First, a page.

Posted by on Feb 26, 2014 in Featured

To Know What is Sacred By Sara Jumping Eagle

To Know What is Sacred By Sara Jumping Eagle

Taku Skan Skan – sacred movement, energy, something sacred moving.

Can they ever know what is sacred? Can we help them remember what is sacred? Taku Wakhan

Makhoche kin le Wakhan thanka unk’upe lo’. Tunkasila gave us this land.

To speak to a people and explain to them what is sacred, how do we do that? How do we explain what is sacred to those who have lost that understanding? They may have long ago had an understanding of what is sacred – how do we help them remember?

Many in the general public have demonstrated a short memory span – failing to remember their own family legacies, ceremonies, and their own connections to land and water. How do we explain that which is so profoundly important to Nations, to people and corporations which have commodified the very blood of the earth? Yet we see around the world, people are waking up, to protect the land and water – standing up against corporations and bought out governments.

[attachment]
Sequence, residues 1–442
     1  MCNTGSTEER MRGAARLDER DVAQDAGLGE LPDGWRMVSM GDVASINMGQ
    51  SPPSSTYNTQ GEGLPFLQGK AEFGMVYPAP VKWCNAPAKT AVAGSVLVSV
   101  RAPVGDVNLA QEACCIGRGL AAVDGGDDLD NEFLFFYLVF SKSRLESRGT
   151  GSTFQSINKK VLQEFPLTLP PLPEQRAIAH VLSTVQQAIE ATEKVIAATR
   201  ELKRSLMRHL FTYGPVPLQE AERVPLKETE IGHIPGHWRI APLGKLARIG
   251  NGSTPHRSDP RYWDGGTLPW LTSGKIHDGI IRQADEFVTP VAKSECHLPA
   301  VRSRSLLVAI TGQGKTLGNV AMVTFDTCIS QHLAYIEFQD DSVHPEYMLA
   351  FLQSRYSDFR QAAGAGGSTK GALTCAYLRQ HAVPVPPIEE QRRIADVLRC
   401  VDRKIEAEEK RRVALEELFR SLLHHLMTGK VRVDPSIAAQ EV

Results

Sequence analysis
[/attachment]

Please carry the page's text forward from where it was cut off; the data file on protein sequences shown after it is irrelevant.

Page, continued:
Part of this difficulty in communication, includes the very basic paucity of meaning and what can be conveyed by the English language when it comes to such an abstract profound word as – sacred. Looking up the definition of what is meant by “sacred” (the closest word I can think of) in English, in the Merriam Dictionary, this is what I find: “worthy of religious worship: very holy, relating to religion; highly valued and important; deserving great respect”. For many people, it is difficult to understand another culture which holds as nonviable and in high esteem – places, items, or animals – as separate from an idea such as religion. Our Lakota and indigenous ways of life are not religions. We don’t knock on doors and recruit more members. We don’t try and “save” people. We simply live, keep trying, pray, treat others with respect, feed those that are hungry, care for those that are weaker, and take care of what we have been given. These concepts have become foreign and strange. Our language, Lakota, provides an understanding to consider places as sacred. These places often hold unknown power – by their nature they are mysterious, powerful, and healing. These places allow us to connect to the spiritual – to a higher power. “Sacred” – can seem out of place in this current “modern”, McConsumerism society. Yet we are the generation that has this responsibility to keep what was given to us, what our elders negotiated for, and fought and died to save for us. Without these connections, ceremonies, ways, language, and land-base – we have lost the battles they fought.